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How grievance procedure works


Fri 15 June, 2018

Frustrated workers

How the Grievance procedure works


It’s inevitable in the workplace that at some time or another an employee will have genuine cause for complaint.

The odd grumble about being in a bad mood, frustration at not getting things done as expected or wanting to finish early are routine everyday complaints.

But what do you do when an employee has a serious complaint, which is much more than just a routine gripe?

When a worker feels strongly aggrieved about a work related matter they can raise a formal grievance. Grievances are concerns, problems or complaints that employees raise with their employer (1).

In dealing with a grievance employers should follow the ACAS Code of Practice. It is a statutory document that provides basic practical guidance and sets out principles for handling grievances (2).

A failure to observe the Code at any point can result in financial penalties. Employment tribunals take it into account when considering cases and have the power to adjust awards by up to 25 per cent for any unreasonable failure to comply with it.

An initial informal attempt should be made to resolve a grievance. The benefit of such an approach is that if successful, the concern can be identified, discussed and addressed quickly without formality and in a way that is agreeable to all parties.

It can also be done without having to carry out comprehensive investigations or involving other employees who may be witnesses or connected to the matter.

The informal approach will not always work and in some cases it may also not be appropriate, especially when the complaint is serious and potentially has widespread implications.

The decision to pursue a formal grievance is not one most employees will take lightly. It can be a daunting for the individual in terms of what to expect.

An employer’s grievance procedure should set how you can raise a grievance and the process that will be followed once it has been submitted (3).

Typically such a policy should be available in the company handbook, employment contract, on the company intranet or upon request.

It will usually cover how to raise a grievance, steps that will be taken to address and resolve it and the right to appeal against an outcome.

A grievance hearing should be arranged without unreasonable delay (4). The aim of that meeting should be to ascertain the facts and discover the best way to resolve the issue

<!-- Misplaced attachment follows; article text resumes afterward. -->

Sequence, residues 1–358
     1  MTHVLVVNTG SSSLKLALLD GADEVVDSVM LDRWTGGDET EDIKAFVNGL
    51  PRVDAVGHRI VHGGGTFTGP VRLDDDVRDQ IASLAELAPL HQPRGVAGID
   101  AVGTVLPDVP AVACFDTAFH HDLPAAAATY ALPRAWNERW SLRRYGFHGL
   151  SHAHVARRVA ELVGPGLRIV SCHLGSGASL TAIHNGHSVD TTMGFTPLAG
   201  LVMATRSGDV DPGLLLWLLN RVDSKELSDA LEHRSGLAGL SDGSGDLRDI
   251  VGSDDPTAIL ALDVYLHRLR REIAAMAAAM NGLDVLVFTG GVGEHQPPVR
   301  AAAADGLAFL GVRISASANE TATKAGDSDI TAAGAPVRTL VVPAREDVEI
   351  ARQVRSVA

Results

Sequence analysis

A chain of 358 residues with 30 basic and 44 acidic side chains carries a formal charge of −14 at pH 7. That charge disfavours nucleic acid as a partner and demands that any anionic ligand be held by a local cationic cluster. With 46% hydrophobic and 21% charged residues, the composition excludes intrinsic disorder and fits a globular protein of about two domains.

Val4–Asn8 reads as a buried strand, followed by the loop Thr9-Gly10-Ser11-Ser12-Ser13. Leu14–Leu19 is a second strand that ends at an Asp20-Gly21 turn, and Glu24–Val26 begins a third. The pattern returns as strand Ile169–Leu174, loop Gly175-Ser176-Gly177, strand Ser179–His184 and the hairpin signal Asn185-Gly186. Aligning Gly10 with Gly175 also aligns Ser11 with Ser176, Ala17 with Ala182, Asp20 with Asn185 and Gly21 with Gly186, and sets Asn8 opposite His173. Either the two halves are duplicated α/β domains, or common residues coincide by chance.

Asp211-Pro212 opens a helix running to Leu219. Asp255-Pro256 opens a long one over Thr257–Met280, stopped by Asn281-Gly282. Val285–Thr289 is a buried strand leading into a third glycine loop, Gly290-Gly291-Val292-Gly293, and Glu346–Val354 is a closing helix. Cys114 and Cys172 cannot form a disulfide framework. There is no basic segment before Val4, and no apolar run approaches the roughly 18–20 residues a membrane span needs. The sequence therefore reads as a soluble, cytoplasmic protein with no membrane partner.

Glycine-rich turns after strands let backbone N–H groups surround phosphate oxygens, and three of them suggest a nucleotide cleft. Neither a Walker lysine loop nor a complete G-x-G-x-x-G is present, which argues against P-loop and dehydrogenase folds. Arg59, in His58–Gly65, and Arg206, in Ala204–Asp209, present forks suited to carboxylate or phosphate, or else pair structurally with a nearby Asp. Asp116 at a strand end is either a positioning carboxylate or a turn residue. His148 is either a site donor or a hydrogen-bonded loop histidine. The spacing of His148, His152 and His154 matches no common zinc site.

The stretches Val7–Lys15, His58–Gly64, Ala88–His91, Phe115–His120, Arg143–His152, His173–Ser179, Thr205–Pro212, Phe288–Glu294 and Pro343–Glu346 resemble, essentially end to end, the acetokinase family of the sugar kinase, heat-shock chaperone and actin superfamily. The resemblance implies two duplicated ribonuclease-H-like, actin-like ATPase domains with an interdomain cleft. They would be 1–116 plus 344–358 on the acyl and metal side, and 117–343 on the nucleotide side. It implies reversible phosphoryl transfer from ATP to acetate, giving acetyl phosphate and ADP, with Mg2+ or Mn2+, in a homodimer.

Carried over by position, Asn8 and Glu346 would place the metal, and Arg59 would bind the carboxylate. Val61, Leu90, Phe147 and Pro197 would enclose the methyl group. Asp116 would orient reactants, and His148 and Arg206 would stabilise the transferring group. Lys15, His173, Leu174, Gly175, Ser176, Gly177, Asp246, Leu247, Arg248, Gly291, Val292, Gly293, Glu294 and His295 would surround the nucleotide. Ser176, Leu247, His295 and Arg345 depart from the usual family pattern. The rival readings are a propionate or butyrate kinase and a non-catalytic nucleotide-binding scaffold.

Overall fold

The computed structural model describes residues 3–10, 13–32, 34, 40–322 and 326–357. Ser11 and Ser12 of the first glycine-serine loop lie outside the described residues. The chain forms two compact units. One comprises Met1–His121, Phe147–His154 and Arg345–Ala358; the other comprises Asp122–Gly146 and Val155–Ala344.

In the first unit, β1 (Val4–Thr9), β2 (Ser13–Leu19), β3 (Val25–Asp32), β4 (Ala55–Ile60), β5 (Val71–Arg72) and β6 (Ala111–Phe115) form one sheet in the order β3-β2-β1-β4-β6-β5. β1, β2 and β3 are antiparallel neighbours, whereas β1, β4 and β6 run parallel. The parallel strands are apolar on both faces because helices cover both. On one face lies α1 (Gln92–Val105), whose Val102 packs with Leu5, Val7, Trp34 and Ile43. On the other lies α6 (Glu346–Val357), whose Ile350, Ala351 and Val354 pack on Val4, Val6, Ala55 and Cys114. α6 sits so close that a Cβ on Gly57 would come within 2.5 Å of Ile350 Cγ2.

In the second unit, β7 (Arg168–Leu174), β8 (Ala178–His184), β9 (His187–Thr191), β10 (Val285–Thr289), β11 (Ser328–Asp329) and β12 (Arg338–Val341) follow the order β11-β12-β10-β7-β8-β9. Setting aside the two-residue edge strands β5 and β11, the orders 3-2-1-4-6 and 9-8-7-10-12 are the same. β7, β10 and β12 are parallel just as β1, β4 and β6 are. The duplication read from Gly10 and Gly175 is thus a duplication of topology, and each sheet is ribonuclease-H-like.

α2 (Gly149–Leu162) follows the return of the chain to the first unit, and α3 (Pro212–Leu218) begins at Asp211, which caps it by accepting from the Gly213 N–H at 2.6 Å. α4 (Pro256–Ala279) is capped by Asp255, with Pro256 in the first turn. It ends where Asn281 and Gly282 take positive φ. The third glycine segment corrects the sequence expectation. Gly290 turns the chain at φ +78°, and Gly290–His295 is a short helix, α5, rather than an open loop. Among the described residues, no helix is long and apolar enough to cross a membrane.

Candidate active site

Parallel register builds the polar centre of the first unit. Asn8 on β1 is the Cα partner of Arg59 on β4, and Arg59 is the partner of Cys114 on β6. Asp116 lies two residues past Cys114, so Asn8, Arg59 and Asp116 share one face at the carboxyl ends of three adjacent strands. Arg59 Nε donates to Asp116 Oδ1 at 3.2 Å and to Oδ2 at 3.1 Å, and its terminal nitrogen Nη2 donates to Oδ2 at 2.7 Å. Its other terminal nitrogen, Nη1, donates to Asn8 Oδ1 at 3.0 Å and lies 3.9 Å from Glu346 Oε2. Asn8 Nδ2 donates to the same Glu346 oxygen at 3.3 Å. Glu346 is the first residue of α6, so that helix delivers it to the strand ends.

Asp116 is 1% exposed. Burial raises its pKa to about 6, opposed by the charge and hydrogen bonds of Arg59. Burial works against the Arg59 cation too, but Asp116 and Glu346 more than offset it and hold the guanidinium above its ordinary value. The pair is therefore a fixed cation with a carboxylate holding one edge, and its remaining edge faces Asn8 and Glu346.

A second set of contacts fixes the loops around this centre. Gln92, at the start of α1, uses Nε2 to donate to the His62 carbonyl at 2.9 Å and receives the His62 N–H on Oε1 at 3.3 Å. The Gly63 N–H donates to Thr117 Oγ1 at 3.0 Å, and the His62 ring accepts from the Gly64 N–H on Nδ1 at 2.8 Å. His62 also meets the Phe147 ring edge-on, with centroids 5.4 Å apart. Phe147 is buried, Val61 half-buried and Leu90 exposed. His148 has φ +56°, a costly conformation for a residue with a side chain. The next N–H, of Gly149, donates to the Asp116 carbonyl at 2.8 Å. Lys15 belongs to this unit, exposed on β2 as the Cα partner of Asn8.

An employee has a statutory right to be accompanied at a grievance hearing by a companion, who can be a trade union representative or work colleague (5). The chosen companion can present or sum up the employee’s case and speak on their behalf, but not answer questions for them.

Understandably grievances can be difficult and emotionally challenging for all involved. The discussion can cover numerous topics, many of which may seem important to the employee but not be relevant to their complaint.

At the hearing the exact nature of the complaint and the points to investigate should be clearly established and agreed.

After the meeting and subsequent grievance investigation the employer should write to the employee with an outcome. It should set out its findings, and where appropriate what action it intends to take to resolve the grievance.

An employee can appeal if they are unhappy with the outcome or the investigation that was carried out. This should be dealt with by a more senior member of staff.

The grievance appeal is usually the last stage of a grievance process. However, depending on the nature of the grievance, the employee may seek to resolve the matter through the pre-claim conciliation service (6). This presents an opportunity to settle the dispute before going to court.


1. Grievances | Disputes and grievances [Internet]. UNISON National. [cited 2018 Jun 9]. Available from:

2. ACAS Code of Practice [Internet]. Castle Associates Ltd. 2017 [cited 2018 Jun 9]. Available from:

3. Handling an employee’s grievance [Internet]. GOV.UK. [cited 2018 Jun 11]. Available from:

4. Raise a grievance at work [Internet]. GOV.UK. [cited 2018 Jun 11]. Available from:

5. Have I got the right to choose who comes with me to meetings with management? | workSMART [Internet]. [cited 2018 Jun 11]. Available from:

6. Early Conciliation - Workplace Dispute Service [Internet]. 2015 [cited 2018 Jun 11]. Available from:




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